Chez Deslauriers

Chez Deslauriers – Pomquet

far from Pomquet.  This is an Acadian French area of Nova Scotia where French is spoken and Acadian traditions are still celebrated.

From the farm house you overlook Monk’s Head and a series of islands and islets and Pomquet Beach.  With the sun and cloud playing over the land and the sea you could sit for hours and watch the changes in the light and shadow.

Behind the farm house several old farm implements are set off in the grassy meadow.   Keep walking along the grassy track with the water to your right and you will come to the trail head for the “Acadian Trail”.

Pomquet Acadian Trail

Pomquet Acadian Trail – Map

The trail is well marked and has maps of the area with a choice of several loop trails. The trails wind  through a variety of natural areas. Numbered markers along the trails are linked to a self-guided interpretive brochure, available at Chez Deslauriers.  The walking is easy and suitable for families.  A longer trail continues along the water and along Monks Head.

The first part of the trail is along an old cart road through a grassy meadow

Acadian Trail

Acadian Trail

area.  In fall this was thick with wild flowers of all colors – Queen Anne’s Lace, wild roses, clover, daisies, asters and grasses.  Off to the right were the views of the deep blue ocean below and towards Cape Breton.    This grassy trail is along the cliff top with open fields and hedged with evergreens and the occasional fruit tree.

The path then descends with a choice of going to the right down to the beach.  We took the left fork which heads down into a beautiful forest area with a well kept trail.  There were many varieties of mosses in greens with patches of reds,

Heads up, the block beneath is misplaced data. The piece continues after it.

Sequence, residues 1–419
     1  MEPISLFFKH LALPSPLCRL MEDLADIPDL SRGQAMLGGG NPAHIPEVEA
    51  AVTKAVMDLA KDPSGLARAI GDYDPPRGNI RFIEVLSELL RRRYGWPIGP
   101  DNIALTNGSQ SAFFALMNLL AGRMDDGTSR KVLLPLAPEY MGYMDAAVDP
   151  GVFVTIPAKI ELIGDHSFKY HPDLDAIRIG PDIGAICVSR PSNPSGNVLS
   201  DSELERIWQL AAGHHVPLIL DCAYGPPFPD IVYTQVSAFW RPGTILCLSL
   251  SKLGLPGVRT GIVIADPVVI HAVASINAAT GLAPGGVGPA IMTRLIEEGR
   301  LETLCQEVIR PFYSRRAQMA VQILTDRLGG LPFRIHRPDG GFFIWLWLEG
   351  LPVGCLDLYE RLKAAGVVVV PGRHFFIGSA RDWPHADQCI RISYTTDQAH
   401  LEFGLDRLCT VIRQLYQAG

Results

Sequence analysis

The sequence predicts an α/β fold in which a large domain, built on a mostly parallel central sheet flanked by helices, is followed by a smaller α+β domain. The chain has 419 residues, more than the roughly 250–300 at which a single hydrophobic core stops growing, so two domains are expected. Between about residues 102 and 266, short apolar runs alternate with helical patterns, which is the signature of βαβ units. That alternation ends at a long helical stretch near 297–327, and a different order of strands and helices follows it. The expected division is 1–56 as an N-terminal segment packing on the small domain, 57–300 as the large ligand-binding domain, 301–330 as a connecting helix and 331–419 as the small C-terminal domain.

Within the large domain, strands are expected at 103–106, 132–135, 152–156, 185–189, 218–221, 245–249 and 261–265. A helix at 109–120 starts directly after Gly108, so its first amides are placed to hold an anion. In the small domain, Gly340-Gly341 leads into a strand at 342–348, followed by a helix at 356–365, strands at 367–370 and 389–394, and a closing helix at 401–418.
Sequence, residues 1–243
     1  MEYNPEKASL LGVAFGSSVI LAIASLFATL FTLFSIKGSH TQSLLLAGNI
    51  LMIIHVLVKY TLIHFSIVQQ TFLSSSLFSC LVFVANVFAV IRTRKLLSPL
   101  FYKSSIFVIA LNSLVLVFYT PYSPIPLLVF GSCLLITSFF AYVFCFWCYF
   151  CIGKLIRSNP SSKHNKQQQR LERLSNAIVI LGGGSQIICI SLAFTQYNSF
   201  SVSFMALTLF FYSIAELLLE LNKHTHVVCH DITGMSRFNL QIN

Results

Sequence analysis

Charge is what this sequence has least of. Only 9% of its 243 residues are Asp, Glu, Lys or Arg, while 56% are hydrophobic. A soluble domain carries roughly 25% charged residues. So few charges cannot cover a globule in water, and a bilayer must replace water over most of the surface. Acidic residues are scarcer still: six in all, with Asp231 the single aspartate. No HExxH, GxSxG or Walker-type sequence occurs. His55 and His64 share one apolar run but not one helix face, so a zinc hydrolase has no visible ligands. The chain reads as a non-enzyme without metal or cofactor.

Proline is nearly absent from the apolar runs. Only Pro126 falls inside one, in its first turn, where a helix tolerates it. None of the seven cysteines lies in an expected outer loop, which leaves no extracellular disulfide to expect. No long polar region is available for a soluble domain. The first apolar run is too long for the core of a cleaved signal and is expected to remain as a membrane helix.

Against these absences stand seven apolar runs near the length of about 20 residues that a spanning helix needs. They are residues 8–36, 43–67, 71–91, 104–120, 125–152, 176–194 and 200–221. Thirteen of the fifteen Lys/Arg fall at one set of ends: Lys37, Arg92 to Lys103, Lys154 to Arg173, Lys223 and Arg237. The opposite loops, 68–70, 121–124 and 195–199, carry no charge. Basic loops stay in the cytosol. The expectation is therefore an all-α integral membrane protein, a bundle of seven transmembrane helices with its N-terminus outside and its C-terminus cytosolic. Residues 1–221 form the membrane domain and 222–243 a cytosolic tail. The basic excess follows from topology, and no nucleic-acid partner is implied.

Acadian Trail Forest Path

Acadian Trail Forest Path

evergreens and many types of mushrooms.     The light filtering through the forest was cool and inviting and great for exploring.   This is a great place to go with your camera and bring along a book about trees or mosses.  You will definitely find lots to investigate.

A left turn at a small pond takes you back to the open old farm land and leads back up to the Chez Deslaurier house in a circle route.  The whole short loop route took less than an hour.    You can easily spend a day in the area exploring the different trails or head down to Pomquet Beach.

The Chez Deslauriers property is maintained and administered by the

Mushrooms and Mosses

Mushrooms and Mosses

Pomquet Development Society, a volunteer organization aimed at promoting the Acadian culture and encouraging tourism in the community.  According to Collette Rennie of the Pomquet Development Society,  “The trails are open year-round. [The Society] will be performing maintenance on these trails before the summer ‘walking’ season as winter along the coast can create much damage. The tearoom will be open each Friday beginning on July 8 from 11 AM to 2 PM.  We serve a different traditional homemade Acadian meal each Friday, along with traditional Acadian meatpie ($8 per meal). “

Chez Deslauriers Tea Houase

Chez Deslauriers Tea House and Interpretive Centre

“The interpretive centre will be open during those times as well. As well, we will have two lobster roll dinners during the summer – on August 14 and September 11. Both will be from 3-6 PM and include local entertainment, BBQ and a delicious lobster roll meal. The interpretive centre will be available to visitors as well during these two events. This information will soon be posted on our website.” (http://www.pomquet.net/en/trails.html )

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How to get there

To get to  Pomquet, take either Exit 35 or 36 north off Highway 104.  Then turn right at the north end of Monk’s Head Road and follow the gravel road for approximately 1.5 km.  It is approximately a 25 minute drive from Antigonish or 40 minutes from the Canso Causway if you are coming from Cape Breton.

Antigonish to Chez DesLaurier